Australian Workers Back-Paid $16 Million
23 February 2015 at 10:02 am
Almost 11,000 Australian workers have been back-paid more than $16 million following mediation, according to the Fair Work Ombudsman.
The Ombudsman said that over the last two years its mediators had assisted thousands of employees and employers to resolve their workplace disputes voluntarily.
It said the $16 million had been paid out without the need for the Agency to formally intervene.
Fair Work Ombudsman Natalie James said a communication breakdown is often central to a workplace dispute.
“It is important employees receive their minimum lawful entitlements, but we are also conscious that most employers try to do the right thing and we are committed to helping them comply with workplace laws,” James said.
Small business, in particular, is finding the Fair Work Ombudsman’s mediation service a timely and efficient way of dealing with issues.
Mediation is helping us to build a culture of compliance throughout the community because it equips employers and employees with the information they need and empowers them to resolve issues in their workplace."
James said the use of mediators was cutting down on time and costs with the average session taking less than 90 minutes and a settlement often being reached on the day that mediation starts.
“It’s becoming an increasingly effective way for us to resolve workplace disputes quickly, efficiently and in a non-adversarial way,” she said.
“Participants appreciate the neutral approach from a professional mediator who is not an advocate for either party.
“The process gives people the opportunity to discuss their dispute and find mutually acceptable solutions themselves.”
The Fair Work Ombudsman first trialled mediation as means of resolving workplace disputes in 2009, and after encouraging results, adopted it as a core dispute resolution service in 2012.
In 2013 the Fair Work Ombudsman resolved 4625 matters through mediation, increasing to 6294 last year.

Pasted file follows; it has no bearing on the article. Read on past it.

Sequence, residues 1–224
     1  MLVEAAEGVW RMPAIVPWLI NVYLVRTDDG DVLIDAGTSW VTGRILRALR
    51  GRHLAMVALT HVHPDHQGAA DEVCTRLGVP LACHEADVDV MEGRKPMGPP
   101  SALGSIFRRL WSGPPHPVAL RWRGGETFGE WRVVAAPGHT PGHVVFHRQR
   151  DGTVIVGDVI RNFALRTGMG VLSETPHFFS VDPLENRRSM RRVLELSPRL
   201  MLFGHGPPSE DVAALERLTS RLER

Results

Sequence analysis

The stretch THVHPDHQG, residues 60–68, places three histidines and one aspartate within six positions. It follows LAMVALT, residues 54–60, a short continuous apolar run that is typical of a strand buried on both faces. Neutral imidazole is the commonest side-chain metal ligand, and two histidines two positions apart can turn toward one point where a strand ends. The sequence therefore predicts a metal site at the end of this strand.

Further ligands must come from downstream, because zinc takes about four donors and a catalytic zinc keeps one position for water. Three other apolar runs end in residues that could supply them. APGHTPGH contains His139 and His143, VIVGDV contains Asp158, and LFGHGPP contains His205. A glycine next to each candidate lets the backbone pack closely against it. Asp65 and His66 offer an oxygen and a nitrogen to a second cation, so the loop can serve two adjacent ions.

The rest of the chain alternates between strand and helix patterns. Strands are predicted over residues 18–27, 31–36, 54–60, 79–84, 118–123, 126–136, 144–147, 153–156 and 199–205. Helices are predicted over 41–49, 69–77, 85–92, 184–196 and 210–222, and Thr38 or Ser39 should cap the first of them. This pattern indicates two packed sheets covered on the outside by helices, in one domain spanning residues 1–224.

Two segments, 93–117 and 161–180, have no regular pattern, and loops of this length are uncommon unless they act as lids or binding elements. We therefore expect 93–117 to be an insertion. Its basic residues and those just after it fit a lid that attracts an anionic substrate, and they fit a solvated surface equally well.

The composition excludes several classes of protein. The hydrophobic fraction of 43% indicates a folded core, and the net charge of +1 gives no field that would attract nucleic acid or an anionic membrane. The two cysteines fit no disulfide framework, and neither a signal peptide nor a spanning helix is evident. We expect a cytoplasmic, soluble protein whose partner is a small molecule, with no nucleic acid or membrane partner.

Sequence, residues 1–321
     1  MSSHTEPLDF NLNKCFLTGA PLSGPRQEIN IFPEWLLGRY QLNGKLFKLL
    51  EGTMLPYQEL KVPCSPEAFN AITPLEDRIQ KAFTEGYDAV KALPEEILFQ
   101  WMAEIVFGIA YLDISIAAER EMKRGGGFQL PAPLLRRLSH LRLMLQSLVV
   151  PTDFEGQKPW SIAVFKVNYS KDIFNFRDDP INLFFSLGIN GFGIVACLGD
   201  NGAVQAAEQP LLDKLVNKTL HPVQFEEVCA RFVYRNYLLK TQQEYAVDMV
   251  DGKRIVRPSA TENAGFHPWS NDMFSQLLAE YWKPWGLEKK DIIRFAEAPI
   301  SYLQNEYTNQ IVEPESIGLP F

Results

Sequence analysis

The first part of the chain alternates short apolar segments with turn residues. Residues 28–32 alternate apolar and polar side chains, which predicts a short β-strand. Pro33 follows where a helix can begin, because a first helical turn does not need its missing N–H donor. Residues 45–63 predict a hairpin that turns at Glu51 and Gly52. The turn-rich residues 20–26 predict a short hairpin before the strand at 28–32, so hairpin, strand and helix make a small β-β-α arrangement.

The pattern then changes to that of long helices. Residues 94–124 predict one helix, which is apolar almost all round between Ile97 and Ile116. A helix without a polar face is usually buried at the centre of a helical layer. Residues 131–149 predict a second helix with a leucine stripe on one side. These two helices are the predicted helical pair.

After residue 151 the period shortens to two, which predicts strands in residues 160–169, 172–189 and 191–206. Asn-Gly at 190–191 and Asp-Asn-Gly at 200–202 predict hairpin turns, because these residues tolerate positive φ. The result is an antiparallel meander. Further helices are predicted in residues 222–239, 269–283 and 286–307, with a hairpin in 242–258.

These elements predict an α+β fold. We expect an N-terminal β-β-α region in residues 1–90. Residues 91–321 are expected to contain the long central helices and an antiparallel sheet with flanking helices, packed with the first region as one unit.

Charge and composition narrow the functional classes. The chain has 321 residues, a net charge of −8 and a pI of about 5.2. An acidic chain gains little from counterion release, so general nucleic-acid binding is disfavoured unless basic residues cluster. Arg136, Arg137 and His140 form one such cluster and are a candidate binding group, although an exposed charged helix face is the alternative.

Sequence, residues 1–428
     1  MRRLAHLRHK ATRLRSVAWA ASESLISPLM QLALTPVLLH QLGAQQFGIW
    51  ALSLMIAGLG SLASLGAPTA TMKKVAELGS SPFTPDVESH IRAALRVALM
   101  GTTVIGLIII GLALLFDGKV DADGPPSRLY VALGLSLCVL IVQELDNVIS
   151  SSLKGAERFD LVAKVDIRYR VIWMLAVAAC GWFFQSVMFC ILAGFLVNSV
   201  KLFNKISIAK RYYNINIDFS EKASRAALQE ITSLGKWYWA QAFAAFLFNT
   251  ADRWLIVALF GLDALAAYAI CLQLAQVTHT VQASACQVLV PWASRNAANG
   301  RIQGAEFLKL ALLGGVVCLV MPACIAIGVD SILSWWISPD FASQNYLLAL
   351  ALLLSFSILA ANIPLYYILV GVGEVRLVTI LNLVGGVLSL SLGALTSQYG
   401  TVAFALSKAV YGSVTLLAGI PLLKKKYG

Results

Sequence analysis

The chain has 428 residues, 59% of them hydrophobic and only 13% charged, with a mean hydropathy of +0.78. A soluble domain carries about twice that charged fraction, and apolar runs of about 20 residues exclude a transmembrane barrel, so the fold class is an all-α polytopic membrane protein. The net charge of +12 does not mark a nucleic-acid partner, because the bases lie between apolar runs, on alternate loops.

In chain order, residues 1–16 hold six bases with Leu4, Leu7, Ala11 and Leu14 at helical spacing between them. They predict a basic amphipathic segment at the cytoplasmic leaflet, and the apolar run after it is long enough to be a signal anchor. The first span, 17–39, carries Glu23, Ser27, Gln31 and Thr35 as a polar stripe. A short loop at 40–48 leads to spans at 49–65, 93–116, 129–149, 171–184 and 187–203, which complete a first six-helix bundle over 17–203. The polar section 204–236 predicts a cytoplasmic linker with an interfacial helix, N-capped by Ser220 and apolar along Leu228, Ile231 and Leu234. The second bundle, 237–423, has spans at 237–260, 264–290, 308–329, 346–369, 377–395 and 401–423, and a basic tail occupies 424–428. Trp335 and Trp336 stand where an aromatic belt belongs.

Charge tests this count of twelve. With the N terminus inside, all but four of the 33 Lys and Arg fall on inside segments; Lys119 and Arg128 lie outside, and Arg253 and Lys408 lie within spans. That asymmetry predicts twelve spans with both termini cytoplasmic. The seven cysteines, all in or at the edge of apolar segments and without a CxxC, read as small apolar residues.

“Mediators help the parties focus on the relevant issues in order to reach an amicable outcome,” James said.
James said most matters being resolved by mediation are the result of requests from assistance from employees in the retail, accommodation and food services, construction and manufacturing industries.
She said the majority of matters are about underpayment of wages and penalty rates, non-payment of annual leave, wages in lieu of notice and redundancy.
“The goal is to arrive at an agreed resolution and terms that suit both parties,” she said.
“Sometimes, parties require written terms of settlement, but on other occasions, a verbal agreement is often all that’s needed.”
The Ombudsman provided a range of tips for a successful mediation session:
Address situations early, as unresolved conflict can be damaging for businesses.
The key to a successful mediation is good preparation.
Allow sufficient time and choose an appropriate location for the mediation so you’re not interrupted.
If decisions need to be made, involve someone with the authority to make them.
- Understand that mediation is a confidential process and discussions in mediation remain confidential.